Unemployment edges higher

April 19, 2012

MHTA – The state unemployment rate edged 0.1 percent higher in March to a seasonally adjusted 5.8 percent, according to figures released today by the Minnesota Department of Employment and Economic Development (DEED). The state remained well below the U.S. unemployment rate of 8.2 percent.

Employers eliminated 200 jobs statewide in March, and figures from February were revised from 6,200 jobs gained to 5,800 jobs gained. The private sector, however, added 1,600 jobs in March and has recovered 88,000 (58 percent) of the jobs that were lost during the recession.

“The underlying fundamentals of the economy remain strong, even after job losses last month for the first time since November,” said DEED Commissioner Mark Phillips. “Declines in new claims for jobless benefits, increased job postings online and strong retail sales are among the signs of an improving economy.”

Trade, transportation and utilities led all sectors in March, adding 2,500 jobs, followed by leisure and hospitality (up 1,200) and education and health services (up 200).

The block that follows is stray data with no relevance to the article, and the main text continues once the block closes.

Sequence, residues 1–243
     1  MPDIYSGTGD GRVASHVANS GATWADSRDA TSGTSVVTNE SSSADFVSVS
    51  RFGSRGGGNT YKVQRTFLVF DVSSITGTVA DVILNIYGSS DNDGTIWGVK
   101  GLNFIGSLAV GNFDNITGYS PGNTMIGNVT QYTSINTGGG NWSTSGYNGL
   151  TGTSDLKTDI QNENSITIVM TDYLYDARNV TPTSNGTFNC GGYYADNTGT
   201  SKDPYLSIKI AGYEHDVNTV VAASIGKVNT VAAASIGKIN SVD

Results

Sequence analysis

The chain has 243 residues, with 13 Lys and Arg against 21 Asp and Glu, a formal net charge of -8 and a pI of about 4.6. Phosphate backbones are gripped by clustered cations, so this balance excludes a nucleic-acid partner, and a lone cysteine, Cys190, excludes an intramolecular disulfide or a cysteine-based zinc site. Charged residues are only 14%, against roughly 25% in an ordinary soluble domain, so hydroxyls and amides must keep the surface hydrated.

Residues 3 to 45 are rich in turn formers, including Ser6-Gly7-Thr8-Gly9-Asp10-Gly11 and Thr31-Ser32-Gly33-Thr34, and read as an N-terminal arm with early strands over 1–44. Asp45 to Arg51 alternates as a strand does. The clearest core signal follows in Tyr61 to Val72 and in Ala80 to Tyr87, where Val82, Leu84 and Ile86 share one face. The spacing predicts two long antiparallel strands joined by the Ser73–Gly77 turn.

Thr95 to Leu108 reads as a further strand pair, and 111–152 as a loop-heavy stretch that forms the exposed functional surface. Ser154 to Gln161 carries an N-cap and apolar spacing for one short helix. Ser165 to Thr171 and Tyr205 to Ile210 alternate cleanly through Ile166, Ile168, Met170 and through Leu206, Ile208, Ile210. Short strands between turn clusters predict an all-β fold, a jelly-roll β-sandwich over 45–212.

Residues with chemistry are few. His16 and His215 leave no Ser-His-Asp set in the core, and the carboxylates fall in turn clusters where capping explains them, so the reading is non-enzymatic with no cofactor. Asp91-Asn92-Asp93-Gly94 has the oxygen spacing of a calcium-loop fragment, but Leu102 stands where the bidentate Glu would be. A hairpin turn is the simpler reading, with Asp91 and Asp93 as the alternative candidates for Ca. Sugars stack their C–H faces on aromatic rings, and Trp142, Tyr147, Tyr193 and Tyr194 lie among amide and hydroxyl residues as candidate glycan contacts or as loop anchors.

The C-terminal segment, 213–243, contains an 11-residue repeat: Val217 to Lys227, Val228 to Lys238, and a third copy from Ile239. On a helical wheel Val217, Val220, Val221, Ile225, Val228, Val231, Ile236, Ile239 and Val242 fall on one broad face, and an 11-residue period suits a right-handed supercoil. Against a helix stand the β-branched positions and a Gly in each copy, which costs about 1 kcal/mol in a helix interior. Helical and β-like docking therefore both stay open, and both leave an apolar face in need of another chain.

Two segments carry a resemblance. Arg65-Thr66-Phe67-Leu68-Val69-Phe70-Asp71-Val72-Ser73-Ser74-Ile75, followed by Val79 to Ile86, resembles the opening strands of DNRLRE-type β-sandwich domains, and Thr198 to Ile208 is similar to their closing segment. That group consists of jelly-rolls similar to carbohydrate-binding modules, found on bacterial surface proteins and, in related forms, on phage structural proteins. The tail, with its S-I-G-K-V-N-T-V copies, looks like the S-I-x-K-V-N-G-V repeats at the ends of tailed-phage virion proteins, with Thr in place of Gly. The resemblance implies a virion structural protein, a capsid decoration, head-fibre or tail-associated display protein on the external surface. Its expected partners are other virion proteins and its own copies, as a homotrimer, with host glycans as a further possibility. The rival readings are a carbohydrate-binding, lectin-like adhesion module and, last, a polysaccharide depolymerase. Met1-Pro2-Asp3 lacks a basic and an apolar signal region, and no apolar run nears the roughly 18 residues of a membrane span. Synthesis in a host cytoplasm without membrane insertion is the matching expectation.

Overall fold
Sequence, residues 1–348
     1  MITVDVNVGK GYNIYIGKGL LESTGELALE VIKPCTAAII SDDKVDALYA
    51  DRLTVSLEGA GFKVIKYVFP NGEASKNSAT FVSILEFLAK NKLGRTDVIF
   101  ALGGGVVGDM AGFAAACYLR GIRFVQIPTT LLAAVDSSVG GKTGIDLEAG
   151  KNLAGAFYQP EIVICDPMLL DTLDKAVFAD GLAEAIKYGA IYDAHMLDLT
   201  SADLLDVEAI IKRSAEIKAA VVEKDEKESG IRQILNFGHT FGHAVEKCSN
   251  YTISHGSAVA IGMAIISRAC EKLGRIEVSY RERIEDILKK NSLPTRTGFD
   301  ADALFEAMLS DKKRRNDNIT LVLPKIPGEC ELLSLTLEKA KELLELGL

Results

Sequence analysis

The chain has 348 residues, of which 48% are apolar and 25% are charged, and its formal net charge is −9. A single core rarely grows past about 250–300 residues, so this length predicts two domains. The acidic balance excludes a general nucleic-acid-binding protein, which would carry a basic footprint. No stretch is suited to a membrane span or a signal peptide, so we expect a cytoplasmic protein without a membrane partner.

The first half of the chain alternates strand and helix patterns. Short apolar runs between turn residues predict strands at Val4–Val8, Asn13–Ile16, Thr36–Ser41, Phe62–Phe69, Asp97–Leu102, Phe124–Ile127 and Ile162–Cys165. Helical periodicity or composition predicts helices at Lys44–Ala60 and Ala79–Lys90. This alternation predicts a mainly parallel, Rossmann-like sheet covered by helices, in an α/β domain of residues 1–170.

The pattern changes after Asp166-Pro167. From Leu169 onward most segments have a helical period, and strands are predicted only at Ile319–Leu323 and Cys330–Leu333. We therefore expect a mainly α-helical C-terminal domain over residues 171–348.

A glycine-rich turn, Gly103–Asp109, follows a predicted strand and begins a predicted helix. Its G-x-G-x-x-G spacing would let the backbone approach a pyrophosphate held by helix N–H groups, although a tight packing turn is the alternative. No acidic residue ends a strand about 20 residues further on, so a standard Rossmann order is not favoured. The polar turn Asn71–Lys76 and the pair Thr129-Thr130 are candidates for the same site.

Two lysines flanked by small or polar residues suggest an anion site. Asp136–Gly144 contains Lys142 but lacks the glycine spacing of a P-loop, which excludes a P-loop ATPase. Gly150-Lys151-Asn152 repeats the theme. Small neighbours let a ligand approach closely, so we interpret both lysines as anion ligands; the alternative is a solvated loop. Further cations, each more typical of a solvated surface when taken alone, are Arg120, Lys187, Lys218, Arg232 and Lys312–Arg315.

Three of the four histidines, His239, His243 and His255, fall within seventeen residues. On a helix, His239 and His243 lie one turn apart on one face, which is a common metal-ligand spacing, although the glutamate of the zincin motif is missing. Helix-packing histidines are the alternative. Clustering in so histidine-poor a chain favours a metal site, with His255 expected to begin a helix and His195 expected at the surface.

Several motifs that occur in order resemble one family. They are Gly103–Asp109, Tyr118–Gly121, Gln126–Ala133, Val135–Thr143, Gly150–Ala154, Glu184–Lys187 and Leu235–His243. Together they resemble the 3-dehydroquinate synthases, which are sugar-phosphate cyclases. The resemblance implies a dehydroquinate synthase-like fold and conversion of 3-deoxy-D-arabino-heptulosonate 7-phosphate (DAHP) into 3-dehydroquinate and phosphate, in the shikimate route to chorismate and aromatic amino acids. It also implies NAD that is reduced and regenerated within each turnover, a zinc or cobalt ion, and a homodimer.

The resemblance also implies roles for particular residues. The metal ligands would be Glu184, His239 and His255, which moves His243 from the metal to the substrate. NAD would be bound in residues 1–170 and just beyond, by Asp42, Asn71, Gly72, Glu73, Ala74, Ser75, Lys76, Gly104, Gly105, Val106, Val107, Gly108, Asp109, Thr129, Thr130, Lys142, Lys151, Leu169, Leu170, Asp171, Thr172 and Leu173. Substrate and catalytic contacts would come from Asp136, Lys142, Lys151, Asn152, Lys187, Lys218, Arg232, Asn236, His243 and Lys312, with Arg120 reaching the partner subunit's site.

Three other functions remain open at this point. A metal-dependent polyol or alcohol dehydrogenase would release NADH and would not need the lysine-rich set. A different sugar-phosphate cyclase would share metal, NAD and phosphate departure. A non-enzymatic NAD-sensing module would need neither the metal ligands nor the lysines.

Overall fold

Jobs losses occurred in government (down 1,800), manufacturing (down 1,000), construction (down 500), professional and business services (down 300), other services (down 300), information (down 100) and logging and mining (down 100). Financial activities held steady during the month.

The following sectors have added jobs over the past year: education and health services (up 13,700), professional and business services (up 12,600), manufacturing (up 6,200), trade, transportation and utilities (up 4,100), other services (up 3,800), construction (up 3,000), information (up 1,100), financial activities (up 1,000) and logging and mining (up 200).

Job losses have occurred in the past year in leisure and hospitality (down 9,500) and government (down 6,700).

In the state Metropolitan Statistical Areas, job gains occurred in the past 12 months in the Mankato MSA (up 3.3 percent), St. Cloud MSA (up 1.3 percent) and Minneapolis-St. Paul MSA (up 1.2 percent). Job losses occurred in the Rochester MSA (down 0.8 percent) and Duluth-Superior MSA (down 0.8 percent).


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